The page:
But there is a glimmer of hope. Consumers' perceptions of current economic conditions and of the economy's growth potential are both looking-- well, not bright, but brighter than before.

Thursday, October 24, 2013

People are Different: A Partial Bibliography

"Turns Out People Are Different, Say Economists" is the title of Brendan Greeley's new article at BloombergBusinessweek. He writes that "the idea that different families respond differently to the same event—that households are heterogeneous—is a relatively new way of looking at the economy." This claim prompted an interesting Twitter discussion about the origins and acceptance of heterogeneous agent economics and the relevance of this literature to policymakers.

The discussion prompted me to create a (very incomplete) bibliography of heterogeneous agent literature. I've separated it into Recent Papers, Classics, and Remarks by Policymakers. I will add to it as I come across or remember other papers. I will also add papers that people suggest via the comment section or Twitter.

Recent Papers

Heterogeneous Consumers and Fiscal Policy Shocks, by Emily Anderson, Atsushi Inoue, and Barbara Rossi (2013)
"unexpected fiscal shocks have substantially different effects on consumers depending on their age, income levels, and education. In particular, the wealthiest individuals tend to behave according to the predictions of standard RBC models, whereas the poorest individuals tend to behave according to standard IS-LM (non-Ricardian) models, due to credit constraints."

Household Balance Sheets, Consumption, and the Economic Slump by Atif R. Mian, Kamalesh Rao and Amir Sufi (2013)
"the 2007-09 housing collapse in the United States resulted in a very unequal distribution of wealth shocks due to the geographical concentration of ex-ante leverage and house price decline. We investigate the consumption consequences of these wealth shocks and show that the consumption risk-sharing hypothesis is easily rejected."

Is deregulating firm entry good for the workers? Which workers? by Ana P Fernandes, Priscila Ferreira, and L Alan Winters (2013):
"deregulating firm entry appears to boost competition and employment (and possibly aggregate income) but its gains seem largely to be reaped by better-off, better-educated workers."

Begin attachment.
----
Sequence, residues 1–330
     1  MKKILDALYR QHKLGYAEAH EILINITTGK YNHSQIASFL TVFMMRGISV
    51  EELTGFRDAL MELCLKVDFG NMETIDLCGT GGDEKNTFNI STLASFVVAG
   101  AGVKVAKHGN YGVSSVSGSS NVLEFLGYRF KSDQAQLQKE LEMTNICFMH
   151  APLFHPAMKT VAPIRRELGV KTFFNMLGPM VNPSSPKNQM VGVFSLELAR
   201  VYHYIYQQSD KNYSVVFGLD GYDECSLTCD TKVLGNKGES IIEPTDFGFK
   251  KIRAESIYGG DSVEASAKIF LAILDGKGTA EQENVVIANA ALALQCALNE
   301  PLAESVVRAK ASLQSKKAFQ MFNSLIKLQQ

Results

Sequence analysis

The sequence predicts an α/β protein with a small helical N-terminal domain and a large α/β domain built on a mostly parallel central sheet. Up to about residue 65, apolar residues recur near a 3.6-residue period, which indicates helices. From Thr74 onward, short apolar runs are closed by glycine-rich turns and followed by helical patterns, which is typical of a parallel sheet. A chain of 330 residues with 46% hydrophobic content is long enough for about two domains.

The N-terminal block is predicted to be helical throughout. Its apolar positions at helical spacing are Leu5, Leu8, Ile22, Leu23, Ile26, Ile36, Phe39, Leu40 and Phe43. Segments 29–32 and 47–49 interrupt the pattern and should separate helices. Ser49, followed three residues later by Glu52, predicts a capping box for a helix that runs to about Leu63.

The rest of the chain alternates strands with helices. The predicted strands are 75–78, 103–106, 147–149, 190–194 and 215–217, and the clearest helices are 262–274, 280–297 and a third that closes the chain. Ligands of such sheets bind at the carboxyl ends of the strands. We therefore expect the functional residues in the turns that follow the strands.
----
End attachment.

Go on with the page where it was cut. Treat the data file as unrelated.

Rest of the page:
Fiscal Policy and Consumption, by Tullio Jappelli and Luigi Pistaferri (2013)
"A different type of experiment is a balanced-budget redistributive policy whereby the government finances a transfer to the poor by taxing the top 10% of the income distribution. With a homogeneous marginal propensity to consume, a pure redistributive policy has no effect on aggregate consumption. However, with a heterogeneous marginal propensity to consume, the effect is positive and highest if the programme targets the very poor."

Inflation and the Price of Real Assets, by Monika Piazzesi and Martin Schneider (2012)
"This paper develops an asset pricing model with heterogeneous agents and incomplete markets to study the 1970s. The key elements of the model are that households differ by age and wealth and that all credit is nominal, so that inflation matters for bond returns and the cost of borrowing. Our empirical strategy is based on the idea that micro data on household characteristics can be used to directly parametrize household sector asset demand."

Monetary Policy with Heterogeneous Agents, by Nils Gornemann, Keith Kuester, and Makoto Nakajima (2012)
"monetary policy shocks have strikingly different implications for the welfare of different segments of the population. While households in the top 5 percent of the wealth distribution benefit slightly from a contractionary monetary policy shock, the bottom 5 percent would lose from this measure"